She would be King by Wayétu Moore

This magical realist book follows three characters who have magical powers. Gbessa, is a red- haired girl who has been named a witch because of the unfortunate timing of her birth in a village called Lia in what we can assume is present day Liberia. The unusual color of her hair is used as evidence that she is indeed a witch. Her super-power is that she does not die; not when she should have starved to death nor when she is choked in the hands of an unforgiving enemy. June Dey, another character with magical powers is born into slavery in Virginia under precarious circumstances. He has a more common super power, that of incredible physical strength. In fact his body is so strong it cannot be wounded even by a bullet which, as you can imagine, allows him an incomparable advantage over his enslavers. Lastly there is Norman Aragon, a son of a Jamaican woman and a British colonizer who grew up in Jamaica. Norman inherits his super power from his mothers side and he is able to disappear into thin air. 

Although for the most part of the book the three, Gbessa, June Dey and Norman, find themselves in different parts of the world their destinies are linked in their battles against colonizers and enslavers. This linkage becomes tangible when both Norman Aragon and June Dey find themselves in Gbessa’s country fighting against colonizers and enslavers and using their superpowers to turn the tide.

In a prolific scene June Dey and Norman Aragon free a group of villagers from the hands of enslavers. Although this scene does not contribute much to the overall narrative, it is powerful to me because it allowed for the Africans to be the victors. The scene is powerful as it cuts down to the core of the myth about the supposed superiority of Europeans over Africans. It shows that the greatest advantage Europeans yielded was a destructive weapon; not a moral, religious, racial nor any other superiority many people have been made to believe they had.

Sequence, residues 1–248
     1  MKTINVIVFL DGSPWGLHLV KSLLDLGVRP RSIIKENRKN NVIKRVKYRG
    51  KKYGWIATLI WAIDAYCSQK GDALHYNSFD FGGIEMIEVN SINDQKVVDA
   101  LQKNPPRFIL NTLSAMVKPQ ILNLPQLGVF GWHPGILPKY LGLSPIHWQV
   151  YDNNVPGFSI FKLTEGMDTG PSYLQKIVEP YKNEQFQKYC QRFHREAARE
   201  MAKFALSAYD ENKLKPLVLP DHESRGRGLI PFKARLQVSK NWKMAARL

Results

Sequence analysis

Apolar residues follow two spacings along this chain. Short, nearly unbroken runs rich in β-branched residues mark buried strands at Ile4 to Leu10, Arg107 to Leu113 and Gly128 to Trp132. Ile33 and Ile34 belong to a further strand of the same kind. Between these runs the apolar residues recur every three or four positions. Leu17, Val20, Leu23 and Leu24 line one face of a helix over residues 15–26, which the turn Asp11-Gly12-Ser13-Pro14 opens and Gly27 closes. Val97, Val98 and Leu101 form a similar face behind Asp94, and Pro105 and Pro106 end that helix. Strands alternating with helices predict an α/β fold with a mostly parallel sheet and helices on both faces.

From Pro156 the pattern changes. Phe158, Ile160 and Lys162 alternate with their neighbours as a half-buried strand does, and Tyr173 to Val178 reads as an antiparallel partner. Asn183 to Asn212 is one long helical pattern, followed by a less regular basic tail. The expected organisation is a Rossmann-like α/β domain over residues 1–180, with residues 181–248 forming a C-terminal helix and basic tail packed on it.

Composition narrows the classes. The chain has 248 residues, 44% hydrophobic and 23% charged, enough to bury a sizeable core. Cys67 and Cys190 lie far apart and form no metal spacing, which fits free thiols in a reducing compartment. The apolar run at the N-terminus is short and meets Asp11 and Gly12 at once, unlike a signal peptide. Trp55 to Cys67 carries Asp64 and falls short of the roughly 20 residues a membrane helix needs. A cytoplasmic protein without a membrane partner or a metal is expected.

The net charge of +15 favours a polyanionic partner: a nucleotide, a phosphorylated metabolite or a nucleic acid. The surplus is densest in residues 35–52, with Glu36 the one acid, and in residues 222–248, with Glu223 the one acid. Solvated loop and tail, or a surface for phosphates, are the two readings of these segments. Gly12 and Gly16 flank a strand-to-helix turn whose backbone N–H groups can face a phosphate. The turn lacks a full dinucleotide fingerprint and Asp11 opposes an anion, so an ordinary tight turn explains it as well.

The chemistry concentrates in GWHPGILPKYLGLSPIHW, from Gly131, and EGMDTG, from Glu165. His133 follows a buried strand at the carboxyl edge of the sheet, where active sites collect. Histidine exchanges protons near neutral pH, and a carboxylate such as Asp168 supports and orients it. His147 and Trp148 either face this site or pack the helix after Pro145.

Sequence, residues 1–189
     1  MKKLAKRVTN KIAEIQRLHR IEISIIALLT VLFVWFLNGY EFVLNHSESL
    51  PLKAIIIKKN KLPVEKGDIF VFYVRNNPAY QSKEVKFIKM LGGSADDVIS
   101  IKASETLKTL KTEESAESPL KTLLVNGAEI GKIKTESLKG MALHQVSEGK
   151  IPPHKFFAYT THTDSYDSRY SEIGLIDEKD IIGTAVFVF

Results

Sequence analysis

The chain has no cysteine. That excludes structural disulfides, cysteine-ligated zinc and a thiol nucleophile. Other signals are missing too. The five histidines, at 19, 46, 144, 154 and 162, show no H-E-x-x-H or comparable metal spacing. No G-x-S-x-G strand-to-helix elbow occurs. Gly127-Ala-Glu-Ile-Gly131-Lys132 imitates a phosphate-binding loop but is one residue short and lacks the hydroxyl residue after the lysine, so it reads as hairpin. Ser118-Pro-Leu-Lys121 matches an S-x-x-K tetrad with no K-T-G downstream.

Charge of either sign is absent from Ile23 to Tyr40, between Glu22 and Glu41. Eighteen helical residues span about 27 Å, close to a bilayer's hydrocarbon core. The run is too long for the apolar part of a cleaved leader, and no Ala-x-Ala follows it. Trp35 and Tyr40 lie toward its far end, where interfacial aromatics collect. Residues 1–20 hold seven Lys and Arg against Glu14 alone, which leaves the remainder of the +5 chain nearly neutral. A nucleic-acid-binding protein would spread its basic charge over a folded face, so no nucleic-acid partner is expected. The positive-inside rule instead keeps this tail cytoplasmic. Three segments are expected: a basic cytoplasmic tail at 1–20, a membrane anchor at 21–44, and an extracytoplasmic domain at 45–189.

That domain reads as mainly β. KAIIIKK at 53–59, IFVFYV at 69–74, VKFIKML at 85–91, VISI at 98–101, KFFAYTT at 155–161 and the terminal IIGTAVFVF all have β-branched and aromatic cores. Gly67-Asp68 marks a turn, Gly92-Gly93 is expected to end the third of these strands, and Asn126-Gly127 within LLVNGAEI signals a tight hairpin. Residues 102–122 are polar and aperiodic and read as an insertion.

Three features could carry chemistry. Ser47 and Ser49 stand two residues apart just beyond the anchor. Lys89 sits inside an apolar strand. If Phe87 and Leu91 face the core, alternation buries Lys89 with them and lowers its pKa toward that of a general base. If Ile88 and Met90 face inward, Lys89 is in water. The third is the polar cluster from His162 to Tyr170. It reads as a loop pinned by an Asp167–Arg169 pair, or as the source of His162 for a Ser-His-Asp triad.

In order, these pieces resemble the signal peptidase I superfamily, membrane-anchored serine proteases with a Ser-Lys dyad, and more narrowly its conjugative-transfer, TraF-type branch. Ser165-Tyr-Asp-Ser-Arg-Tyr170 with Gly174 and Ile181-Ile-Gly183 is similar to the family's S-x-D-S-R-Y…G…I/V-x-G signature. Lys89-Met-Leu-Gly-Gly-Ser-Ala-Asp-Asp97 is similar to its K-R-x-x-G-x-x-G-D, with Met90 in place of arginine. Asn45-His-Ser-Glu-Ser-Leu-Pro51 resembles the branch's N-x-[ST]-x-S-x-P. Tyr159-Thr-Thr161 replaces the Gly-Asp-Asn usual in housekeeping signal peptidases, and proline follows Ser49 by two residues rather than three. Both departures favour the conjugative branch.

Although this victory was achieved using magic which may seem unrealistic to some, there were an endless number of battles that were fought between Africans and enslavers across the continent where the African side came out victorious. The most famous example being the Battle of Adwa of 1896. However, as African readers we are often not given the chance to indulge in these stories, not even in fiction, for fear of making the realities of colonialism, slavery and imperialism seem minimal or avoidable. Moore has the courage to challenge this narrative and she does an impeccable job illustrating the nuances of history.

Moore offers us an alternative narrative, that far from minimizing the complex history of Africans, is an empowering story that goes beyond demeaning and disheartening myths which continue to be reproduced.